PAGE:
Broaden the Base and Lower the Rate

The Romney/Ryan tax plan calls for lower tax rates. They argue that the plan is going to be at least close to revenue neutral due to some unspecified base broadening. I’ll leave that as stated.

My question is, if this is such a good idea, why not pursue the same sort of base broadening plan with Social Security/Medicare. Combined FICA taxes are 15.3% when you include both employer and employee contributions (and ignore the temporary payroll tax decrease). In 2010, this generated $781.1B in revenue (2011 report). The big catch with these taxes are they are regressive. Dollar earned beyond $108,000 are not taxed. If we broadened the base (taxed those earnings) we could substantially lower the rate.

A quick calculation: if we just stuck to wages we could lower the rate to 9.83% (based on BEA compensation data). If we widened it to include non-wage income (i.e. capital gains) the rate could be dropped all the way down to 6.02% (based on BEA personal income data).

It would seem that this proposal would appeal to the Romney/Ryan idea of broadening the base and lowering the tax rate, while appealing to the Democratic idea of soaking the rich. Why then is it not even being discussed?

Note: The reason it historically has not been discussed is SS/Medicare was not supposed to be a “entitlement”. It was a designed as pay in / pay out system, where benefits were not means-tested and contributions were not regressive. I think since we’ve been calling them entitlement programs, and thinking about them as such for quite some time we should make the move to structure them that way.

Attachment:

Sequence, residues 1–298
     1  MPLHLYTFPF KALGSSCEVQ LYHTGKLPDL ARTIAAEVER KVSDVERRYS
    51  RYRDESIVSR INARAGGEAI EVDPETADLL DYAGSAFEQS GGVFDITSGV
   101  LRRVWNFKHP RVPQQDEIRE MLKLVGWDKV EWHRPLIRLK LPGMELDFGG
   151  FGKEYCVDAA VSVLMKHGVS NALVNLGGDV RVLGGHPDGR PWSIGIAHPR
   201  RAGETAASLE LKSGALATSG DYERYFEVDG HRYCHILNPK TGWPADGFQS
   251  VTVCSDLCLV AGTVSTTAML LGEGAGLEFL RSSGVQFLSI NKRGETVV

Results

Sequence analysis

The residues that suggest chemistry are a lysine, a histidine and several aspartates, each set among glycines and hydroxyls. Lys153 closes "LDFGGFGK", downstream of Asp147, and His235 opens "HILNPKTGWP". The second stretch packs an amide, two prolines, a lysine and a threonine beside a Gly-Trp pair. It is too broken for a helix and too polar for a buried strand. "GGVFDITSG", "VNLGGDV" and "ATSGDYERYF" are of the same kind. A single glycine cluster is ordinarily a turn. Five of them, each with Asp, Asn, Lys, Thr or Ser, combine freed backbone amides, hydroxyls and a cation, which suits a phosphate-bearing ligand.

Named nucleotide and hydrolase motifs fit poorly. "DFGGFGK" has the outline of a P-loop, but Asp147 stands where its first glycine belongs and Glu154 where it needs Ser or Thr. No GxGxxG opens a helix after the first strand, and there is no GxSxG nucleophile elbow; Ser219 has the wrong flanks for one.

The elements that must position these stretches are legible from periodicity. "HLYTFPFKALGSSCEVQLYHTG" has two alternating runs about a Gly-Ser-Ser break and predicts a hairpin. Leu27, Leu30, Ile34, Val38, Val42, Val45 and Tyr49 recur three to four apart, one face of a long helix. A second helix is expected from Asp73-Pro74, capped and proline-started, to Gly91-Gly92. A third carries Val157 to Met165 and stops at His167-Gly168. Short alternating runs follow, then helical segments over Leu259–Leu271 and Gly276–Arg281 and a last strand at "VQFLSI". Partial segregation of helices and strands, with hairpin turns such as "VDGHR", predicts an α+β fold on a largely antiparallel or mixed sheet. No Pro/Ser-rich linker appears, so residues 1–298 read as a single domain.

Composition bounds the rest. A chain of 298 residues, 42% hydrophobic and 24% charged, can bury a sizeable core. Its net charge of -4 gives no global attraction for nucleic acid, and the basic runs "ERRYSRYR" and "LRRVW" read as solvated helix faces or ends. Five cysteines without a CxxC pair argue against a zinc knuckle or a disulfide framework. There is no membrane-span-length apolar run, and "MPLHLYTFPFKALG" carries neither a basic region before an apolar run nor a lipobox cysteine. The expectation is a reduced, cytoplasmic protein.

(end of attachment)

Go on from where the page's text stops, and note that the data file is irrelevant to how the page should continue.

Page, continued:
UPDATE (9/26): My post was a bit hasty. I corrected Medicaid to Medicare. However, I realized that Medicare is not actually subject to income restrictions (only SS is), and the revenue number I quoted was only for Social Security anyway. Here is the redone, back of the envelope calculation, with some additional  notes:

Excluding Medicare, the current tax rate is 12.4% (combined employee and employer). The rates with the broader base are the same at 9.8% and 6.0% – and the tax reductions for each would be 2.6% or 6.4%. For the median worker ($50,054 p31), these two plans represent increases of $3,200 and $1,275 respectively. To put this in perspective, between 1967 and today (45 years) median income rose about $8,000.

Gas is Still Too Cheap

Yesterday, for the first time, I spent more than $50 to fill my tank of gas. I do not have a particularly big car (it’s a Subaru Legacy), but a combination of a very empty tank and more expensive gas than usual (was $0.13 cheaper this morning, burn!) caused my to set the record.

The president and Detroit recently agreed to raise the fuel economy standards. Eduardo Porter has a great piece in the New York Times demonstrating why this is a poor strategy. If we want less of something (gas usage) we need to make that more expensive (tax it).

in Britain, where gas and diesel are taxed at $3.95 a gallon, the American automaker Ford sells a compact Fiesta model that will go nearly 72 miles on a gallon. In the United States, where gas taxes average 49 cents, Ford’s Fiestas will carry you only 33 miles on a gallon of gas.